Conceptualizing Metadata

During the Bibliographic Control Working Group public meeting last week I had lunch with Karen Coyle, and we chatted about conceptualizing metadata – even if we didn’t pose the question to ourselves as such, I’d say we were both wondering how approaches to description and standards can create an environment which ensures cross-domain interoperability while also retaining local flexibility.

As timing should have it, an article which outlines my thinking about this issue has just been published in FirstMonday today. I co-wrote it with my friend and colleague Mary Elings from the Bancroft Library: we teach a class in the School of Information Studies at Syracuse University each summer, and found that our students needed a primer on description in libraries, archives and museums, as well as a method to organize the acronym madness and make sense of all the standards in use across the board. Since we could never find a good article to provide this particular educational moment, we took a stab at it ourselves (after a much appreciated kick in the pants from the VRA Bulletin, where the article appears in print form as part of a special issue on Shareable Metadata and CCO).

Karen and her friends have also been busy, and she e-mailed me with a link to an emerging article on her futurelib Wiki. What struck me about this piece was the difference in terminology we use to describe what I believe are essentially the same concepts. While Mary and I talk about data structure, data content and data format, Karen et al. use the terms Schema (= data structure), Guidance (= data content) and Encoding (= data format). Of course I like our terms better (since I’m used to them!), but the effect of making the familiar look disfamiliar actually opens up the possibility of looking at what’s proposed with fresh eyes – and maybe that was the intended effect. And, let me just say for the record, maybe I’m over-eager in my mapping of terms, and there are important differences between our categories.

As I read it, the draft argues that all of our metadata needs should be articulated at the level of an overarching reference model, which governs the creation of an extensible and flexible Schema, which gets populated with the help of community-specific Guidance, which get rolled up into an Encoding to transports it all. So far it’s a familiar story. Here’s the more interesting part: if I extrapolate correctly, the document proposes that whoever considers themselves part of the cultural heritage community (libraries, archives, museums, et al.) could be united under the big tent of the Framework and the Schema, yet they would retain the flexibility to adapt the description to their needs at the level of Guidance. While I’m intrigued by this vision, I believe as a model for rethinking description it would probably only scale to unite the different interests and areas of specializations within the library community, which is a feat in and of itself.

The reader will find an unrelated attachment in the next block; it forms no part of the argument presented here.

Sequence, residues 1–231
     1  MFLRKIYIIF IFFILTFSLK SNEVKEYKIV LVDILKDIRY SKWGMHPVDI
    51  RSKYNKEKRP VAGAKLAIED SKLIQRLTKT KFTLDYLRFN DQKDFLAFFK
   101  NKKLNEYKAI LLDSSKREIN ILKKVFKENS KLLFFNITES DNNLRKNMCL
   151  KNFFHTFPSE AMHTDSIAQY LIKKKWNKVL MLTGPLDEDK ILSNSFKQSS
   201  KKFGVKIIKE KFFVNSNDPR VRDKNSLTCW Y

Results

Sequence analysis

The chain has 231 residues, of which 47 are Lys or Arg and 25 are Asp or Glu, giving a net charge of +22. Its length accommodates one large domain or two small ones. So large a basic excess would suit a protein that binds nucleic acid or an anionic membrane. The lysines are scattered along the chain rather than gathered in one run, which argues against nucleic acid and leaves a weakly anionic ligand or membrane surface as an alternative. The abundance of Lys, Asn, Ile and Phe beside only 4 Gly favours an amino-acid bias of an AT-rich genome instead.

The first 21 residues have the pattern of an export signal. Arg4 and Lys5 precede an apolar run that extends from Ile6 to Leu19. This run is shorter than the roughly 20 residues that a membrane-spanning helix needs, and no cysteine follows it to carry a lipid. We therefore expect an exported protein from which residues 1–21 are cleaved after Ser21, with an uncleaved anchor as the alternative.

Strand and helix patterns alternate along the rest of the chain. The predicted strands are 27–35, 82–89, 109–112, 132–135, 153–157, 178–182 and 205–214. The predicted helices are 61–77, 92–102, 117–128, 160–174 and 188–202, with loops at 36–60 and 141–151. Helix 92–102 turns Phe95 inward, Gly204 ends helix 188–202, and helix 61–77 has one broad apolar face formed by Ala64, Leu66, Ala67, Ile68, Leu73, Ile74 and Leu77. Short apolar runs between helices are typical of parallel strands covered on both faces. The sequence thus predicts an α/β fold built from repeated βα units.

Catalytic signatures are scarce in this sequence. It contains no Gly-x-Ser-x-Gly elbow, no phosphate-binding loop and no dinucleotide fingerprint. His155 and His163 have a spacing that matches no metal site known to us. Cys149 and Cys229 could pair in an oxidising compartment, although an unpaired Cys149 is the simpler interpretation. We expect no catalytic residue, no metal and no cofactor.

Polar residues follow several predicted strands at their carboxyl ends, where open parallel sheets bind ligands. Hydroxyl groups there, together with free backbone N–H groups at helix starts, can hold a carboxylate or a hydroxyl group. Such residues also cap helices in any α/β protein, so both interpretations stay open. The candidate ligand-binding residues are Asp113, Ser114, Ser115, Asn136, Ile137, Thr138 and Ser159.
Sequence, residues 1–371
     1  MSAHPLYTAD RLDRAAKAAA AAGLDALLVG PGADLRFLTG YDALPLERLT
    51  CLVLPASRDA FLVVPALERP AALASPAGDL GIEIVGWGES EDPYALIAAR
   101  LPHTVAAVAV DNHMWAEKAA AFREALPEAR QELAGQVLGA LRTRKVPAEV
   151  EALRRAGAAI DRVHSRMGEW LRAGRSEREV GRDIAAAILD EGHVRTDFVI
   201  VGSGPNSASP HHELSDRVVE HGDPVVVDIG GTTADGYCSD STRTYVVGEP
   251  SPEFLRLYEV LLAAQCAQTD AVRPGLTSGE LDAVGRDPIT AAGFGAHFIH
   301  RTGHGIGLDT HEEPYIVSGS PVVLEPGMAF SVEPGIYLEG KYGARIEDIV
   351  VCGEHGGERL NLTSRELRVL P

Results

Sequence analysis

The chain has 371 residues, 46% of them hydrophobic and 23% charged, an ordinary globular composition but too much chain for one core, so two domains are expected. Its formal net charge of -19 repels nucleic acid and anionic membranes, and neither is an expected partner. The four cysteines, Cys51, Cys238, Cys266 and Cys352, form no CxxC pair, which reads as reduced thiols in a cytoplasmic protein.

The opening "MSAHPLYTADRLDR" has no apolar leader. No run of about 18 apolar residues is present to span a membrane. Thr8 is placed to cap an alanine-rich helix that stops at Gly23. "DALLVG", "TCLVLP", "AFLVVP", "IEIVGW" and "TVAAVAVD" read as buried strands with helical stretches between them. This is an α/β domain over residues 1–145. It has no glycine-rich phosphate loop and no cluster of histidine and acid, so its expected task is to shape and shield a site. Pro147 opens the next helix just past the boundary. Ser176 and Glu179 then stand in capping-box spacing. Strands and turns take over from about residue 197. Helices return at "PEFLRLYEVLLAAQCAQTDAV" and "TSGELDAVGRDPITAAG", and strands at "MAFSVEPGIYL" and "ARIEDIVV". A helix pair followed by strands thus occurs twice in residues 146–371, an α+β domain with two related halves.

What I’m proposing as a solution to interoperability issues is much less ambitious: if we could recognize that we are a community of common interest across domains, then libraries, archives and museums could start treating the same type of materials with the same type of description. For example, if we could agree to describe the rare and unique items housed in our collections using the same suite of standards, we could build up a compelling aggregate of digital objects in a similar fashion that bibliographic materials now flow together with relative ease. To my mind, integration of different types of materials (books, artifacts, papers) rests on the foundation of figuring out how to get the same stuff to play nicely together. The key to finding interoperability at that level resides in the data content rules, and that’s where I see the need to come to more agreement. We know how to map data structures, and we know how to automate transformations. However, we don’t know how to “map” between AACR2 and CCO rules, for example, or bring relative homogeneity to collections described using different data content standards, controlled vocabularies and thesauri.

I’ve gone on for too long. Karen, let’s chat some more soon! And dear reader, if you’re still with me on this one, you probably should order this T-Shirt (courtesy of Inherent Vice).

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